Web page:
Science, math, social studies and … sex?

Portland schools may soon have classroom teachers present the Family Living and Human Sexuality curriculum to fourth- and fifth-graders, ending a four-decade policy of having specially trained health professionals teach the sensitive topic to the district’s younger pupils.

While some people are expected to oppose the change, David Galin, the district’s chief academic officer, said having classroom teachers handle the program throughout the academic year – as opposed to health professionals who teach each class for a week or two – will benefit children more.

“The amount of minutes we currently devote to this is significantly less than what a current program should have,” Galin said. “Providing an approved, identified curriculum over time is an effective learning model as opposed to a one-time limited intervention.”

The school board, which gave the proposal a routine first reading last week, will discuss the program in more detail during a workshop scheduled for 8 p.m. today in Room 250 of Casco Bay High School.

The new program and curriculum will be called Family Living and Sexual Health, or FLASH. It will be integrated into the district’s overall health and physical education curriculum over the next two years, unlike the Family Living and Human Sexuality curriculum, which currently exists as an isolated program for grades 4 and 5.

The classroom teachers will receive training from the Family Planning Association of Maine, Galin said, which will prepare them for teaching FLASH’s sensitive subjects.

The school system also has school nurses, guidance counselors and social workers – who are trained in related fields – to help support teachers when necessary, he said.

Opponents of the change include Margaret Hoyt, a health professional who has taught Family Living and Human Sexuality for 23 years. She said switching responsibilities to classroom teachers could have dangerous consequences.

Students likely won’t be as forthcoming with their teachers about sensitive topics like puberty or sexual abuse, which could leave them less informed and more vulnerable, she said.

Hoyt said students often ask sensitive yet important questions, or share sexual abuse stories that they won’t discuss with their teachers.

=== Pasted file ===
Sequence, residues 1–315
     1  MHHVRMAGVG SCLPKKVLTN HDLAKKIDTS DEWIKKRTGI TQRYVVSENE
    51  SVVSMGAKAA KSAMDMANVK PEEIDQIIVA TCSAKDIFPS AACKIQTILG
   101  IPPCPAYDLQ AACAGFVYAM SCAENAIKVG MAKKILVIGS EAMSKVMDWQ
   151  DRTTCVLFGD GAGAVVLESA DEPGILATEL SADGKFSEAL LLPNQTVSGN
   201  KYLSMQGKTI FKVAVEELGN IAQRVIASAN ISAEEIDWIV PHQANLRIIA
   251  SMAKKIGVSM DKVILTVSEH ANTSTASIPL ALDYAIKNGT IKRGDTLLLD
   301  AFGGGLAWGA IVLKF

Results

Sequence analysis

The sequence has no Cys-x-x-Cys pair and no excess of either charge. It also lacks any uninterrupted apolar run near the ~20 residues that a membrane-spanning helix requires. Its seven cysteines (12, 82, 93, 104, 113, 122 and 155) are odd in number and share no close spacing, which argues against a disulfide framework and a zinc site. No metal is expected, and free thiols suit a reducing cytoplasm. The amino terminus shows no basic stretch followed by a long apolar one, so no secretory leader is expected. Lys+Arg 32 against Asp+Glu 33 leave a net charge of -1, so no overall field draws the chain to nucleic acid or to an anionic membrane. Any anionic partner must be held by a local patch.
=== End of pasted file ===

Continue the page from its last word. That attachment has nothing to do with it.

“I just don’t think anyone has considered the children’s perspective,” she said. “They are much less likely to share sensitive secrets with someone who they have to interface with every day.”

Jill Tabbutt-Henry, a parent of two Portland students and a member of the district’s Family Living/Sexual Education advisory board, shares Hoyt’s concerns.

Tabbutt-Henry, who could have a say in the change if the advisory panel is asked for a recommendation, has been a reproductive health educator for 20 years, including four years in Augusta schools. The proposal, she said, puts everyone involved in a difficult position.

“It’s a topic that makes parents nervous and makes a lot of kids nervous,” Tabbutt-Henry said. “It makes teachers nervous. It makes everyone nervous. And it’s always been so wonderful to have specially trained, full-time staff to deal with these issues.

“This is your teacher you see all year. You know they’re going to be there next week; you know they’re going to be there tomorrow. If you ask them a personal question, you will have to deal with the repercussions of that the rest of the year. It could permanently disrupt that relationship and comfort level.”

Dan Chuhta, the district’s coordinator of science, technology, engineering and math, helped select the new program. The switch is happening, he said, because the district decided last year to go to an evidence-based program, meaning research has shown that the proposed approach has been effective elsewhere. There is no evidence documenting the effectiveness of the current Family Living and Human Sexuality program, which began in the late 1960s, he said.

The school board plans to vote on the new curriculum June 21, but even if approved, the full changes won’t take effect until the 2012-2013 school year.

Hoyt will spend the 2011-2012 school year helping with the transition. She’ll continue to teach while the classroom teachers watch, participate and get comfortable with the material.

The district will save money by implementing FLASH because it is cutting two staff positions. In addition, the Family Planning Association doesn’t charge for the training it provides.

But Tabbutt-Henry said the new program may suffer inconsistencies because some teachers will commit themselves to doing family living and sex education well, while others may be uncomfortable and struggle to teach such sensitive topics.

Hoyt also said the new curriculum she’s seen doesn’t include any mention of sexual abuse.

“That has got to be part and parcel of any effective curriculum,” she said. “I don’t want them dropping or diluting sensitive material just so previously untrained people can take it on. That would be a disservice to the children.”

Tabbutt-Henry said the current program has been “very successful” and “well-received,” and pointed to Portland’s low teen birth rate as evidence of its success.

Portland’s teen birth rate is about 2.5 times lower than the U.S. average, according to Maine’s Center for Disease Control.

Hoyt said she’s spoken with about half of the fourth- and fifth-grade teachers in the district, many of whom have expressed reticence about the new program.

Kathleen Casasa, president of the Portland Education Association teachers’ union, didn’t return a phone message seeking comment.


Staff Writer Jason Singer can be contacted at 791-6437 or at: [email protected]